Bolton, J. M, Morin, S. N, Majumdar, S. R, Sareen, J., Lix, L., Johansson, H., Oden, A., McCloskey, E., Kanis, J. & Leslie, W. (2017). Association of mental disorders and related medication use with risk for major osteoporotic fractures. JAMA Psychiatry,74(6), D. Öngür. 641-648. United States: American Medical Association. Retrieved from https://doi.org/10.1001/jamapsychiatry.2017.0449
Importance Osteoporotic fractures are a leading cause of disability, costs, and mortality. FRAX is a tool used to assess fracture risk in the general population. Mental disorders and medications to treat them have been reported to adversely affect bone health, but, to date, they have not been systematically studied in relation to osteoporotic fractures. Objective To examine the association of mental disorders and psychotropic medication use with osteoporotic fracture risk in routine clinical practice. Design, Setting, and Participants In this population-based cohort study, bone mineral density and risk factors were used to calculate FRAX scores using data from the Manitoba Bone Density Program database of all women and men 40 years of age or older in Manitoba, Canada, referred for a baseline dual-energy x-ray absorptiometry scan from January 1, 1996, to March 28, 2013. Population-based health services data were used to identify primary mental disorders during the 3 prior years, psychotropic medication use during the prior year, and incident fractures. Cox proportional hazards regression models estimated the risk for incident fractures based on mental disorders and use of psychotropic medications. Data analysis was conducted from November 25, 2013, to October 15, 2016. Main Outcomes and Measures Incident nontraumatic major osteoporotic fractures (MOFs) and hip fractures. Results Of the 68 730 individuals (62 275 women and 6455 men; mean age, 64.2 [11.2] years) in the study, during 485 322 person-years (median, 6.7 years) of observation, 5750 (8.4%) sustained an incident MOF, 1579 (2.3%) sustained an incident hip fracture, and 8998 (13.1%) died. In analyses adjusted for FRAX score, depression was associated with MOF (adjusted hazard ratio [aHR], 1.39; 95% CI, 1.27-1.51; P < .05) and hip fracture (aHR, 1.43; 95% CI, 1.22-1.69; P < .05) before adjustment for medication use, but these associations were not significant after adjustment for medication use. In contrast, the use of selective serotonin reuptake inhibitors (aHR for MOF, 1.43; 95% CI, 1.27-1.60; P < .05; aHR for hip fracture, 1.48; 95% CI, 1.18-1.85; P < .05), antipsychotics (aHR for MOF, 1.43; 95% CI, 1.15-1.77; P < .05; aHR for hip fracture, 2.14; 95% CI, 1.52-3.02; P < .05), and benzodiazepines (aHR for MOF, 1.15; 95% CI, 1.04-1.26; P < .05; aHR for hip fracture, 1.24; 95% CI, 1.05-1.47; P < .05) were each independently associated with significantly increased risk for both MOF and hip fracture. FRAX significantly underestimated the 10-year risk of MOF by 29% and of hip fracture by 51% for those with depression. It also underestimated the 10-year risk of MOF by 36% for use of selective serotonin reuptake inhibitors, by 63% for use of mood stabilizers, by 60% for use of antipsychotics, and by 13% for use of benzodiazepines. FRAX underestimated the 10-year risk of hip fracture by 57% for use of selective serotonin reuptake inhibitors, by 98% for use of mood stabilizers, by 171% for use of antipsychotics, and by 31% for use of benzodiazepines. FRAX correctly estimated fracture risk in people without mental disorders and those not taking psychotropic medications. Conclusions and Relevance Mental disorders and medication use were associated with an increased risk for fracture, but in simultaneous analyses, only medication use was independently associated with fracture. Depression and psychotropic medication use are potential risk indicators that are independent of FRAX estimates.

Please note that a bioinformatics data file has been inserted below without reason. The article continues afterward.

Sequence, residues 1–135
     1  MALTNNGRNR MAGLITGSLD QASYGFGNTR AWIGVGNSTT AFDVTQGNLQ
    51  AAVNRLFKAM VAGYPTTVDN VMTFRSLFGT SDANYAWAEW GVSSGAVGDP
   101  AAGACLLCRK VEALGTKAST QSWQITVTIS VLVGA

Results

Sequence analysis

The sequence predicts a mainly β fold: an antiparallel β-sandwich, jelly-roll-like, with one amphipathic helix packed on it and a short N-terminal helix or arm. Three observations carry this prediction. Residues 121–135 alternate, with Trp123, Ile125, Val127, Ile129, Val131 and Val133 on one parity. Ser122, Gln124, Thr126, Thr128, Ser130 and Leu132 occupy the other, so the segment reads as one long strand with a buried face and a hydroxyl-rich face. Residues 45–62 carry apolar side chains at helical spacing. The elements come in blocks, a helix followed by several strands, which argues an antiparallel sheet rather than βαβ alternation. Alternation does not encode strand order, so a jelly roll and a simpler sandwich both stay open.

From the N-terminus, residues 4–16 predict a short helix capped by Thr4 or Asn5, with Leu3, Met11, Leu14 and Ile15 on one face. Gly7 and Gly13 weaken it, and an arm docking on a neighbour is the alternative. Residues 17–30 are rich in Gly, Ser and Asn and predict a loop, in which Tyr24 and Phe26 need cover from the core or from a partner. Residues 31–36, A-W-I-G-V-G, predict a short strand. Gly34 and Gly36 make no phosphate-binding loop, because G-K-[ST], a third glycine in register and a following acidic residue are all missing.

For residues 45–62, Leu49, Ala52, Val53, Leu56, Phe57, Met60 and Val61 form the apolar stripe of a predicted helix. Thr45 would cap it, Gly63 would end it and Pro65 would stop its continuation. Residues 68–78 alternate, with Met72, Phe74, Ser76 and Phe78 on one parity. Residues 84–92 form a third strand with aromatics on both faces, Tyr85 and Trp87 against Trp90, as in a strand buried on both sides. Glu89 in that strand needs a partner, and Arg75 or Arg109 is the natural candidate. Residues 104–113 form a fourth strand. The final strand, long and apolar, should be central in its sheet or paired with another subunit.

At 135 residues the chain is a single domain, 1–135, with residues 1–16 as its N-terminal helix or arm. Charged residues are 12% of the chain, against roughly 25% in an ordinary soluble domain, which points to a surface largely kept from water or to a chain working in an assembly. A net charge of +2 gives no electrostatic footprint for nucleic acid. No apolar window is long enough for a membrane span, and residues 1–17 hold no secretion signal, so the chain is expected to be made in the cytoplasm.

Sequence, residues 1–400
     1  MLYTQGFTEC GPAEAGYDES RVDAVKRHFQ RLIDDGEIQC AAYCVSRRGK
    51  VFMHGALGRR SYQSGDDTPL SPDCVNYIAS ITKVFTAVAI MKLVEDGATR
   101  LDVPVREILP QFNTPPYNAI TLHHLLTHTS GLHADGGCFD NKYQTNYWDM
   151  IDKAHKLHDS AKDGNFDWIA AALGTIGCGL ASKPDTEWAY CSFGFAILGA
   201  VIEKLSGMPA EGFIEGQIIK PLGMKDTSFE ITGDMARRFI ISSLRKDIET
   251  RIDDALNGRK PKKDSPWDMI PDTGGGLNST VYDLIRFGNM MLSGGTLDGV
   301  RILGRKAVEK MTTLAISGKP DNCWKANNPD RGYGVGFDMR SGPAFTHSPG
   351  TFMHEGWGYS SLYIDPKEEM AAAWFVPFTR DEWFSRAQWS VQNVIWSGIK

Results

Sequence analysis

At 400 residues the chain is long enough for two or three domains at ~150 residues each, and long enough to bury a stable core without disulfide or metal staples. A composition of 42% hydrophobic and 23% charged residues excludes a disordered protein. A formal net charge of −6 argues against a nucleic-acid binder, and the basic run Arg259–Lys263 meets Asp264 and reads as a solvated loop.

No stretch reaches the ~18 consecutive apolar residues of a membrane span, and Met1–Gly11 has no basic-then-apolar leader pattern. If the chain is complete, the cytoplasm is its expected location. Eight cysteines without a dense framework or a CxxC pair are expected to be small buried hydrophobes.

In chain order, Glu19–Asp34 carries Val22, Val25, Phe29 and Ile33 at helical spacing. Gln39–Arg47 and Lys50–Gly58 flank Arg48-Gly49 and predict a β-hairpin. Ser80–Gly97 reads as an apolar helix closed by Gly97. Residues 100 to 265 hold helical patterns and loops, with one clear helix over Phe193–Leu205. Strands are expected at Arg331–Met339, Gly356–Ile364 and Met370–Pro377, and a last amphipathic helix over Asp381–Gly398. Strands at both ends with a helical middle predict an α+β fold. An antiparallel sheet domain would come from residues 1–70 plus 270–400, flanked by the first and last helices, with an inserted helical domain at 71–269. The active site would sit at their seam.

Mary MacKillop Institute for Health Research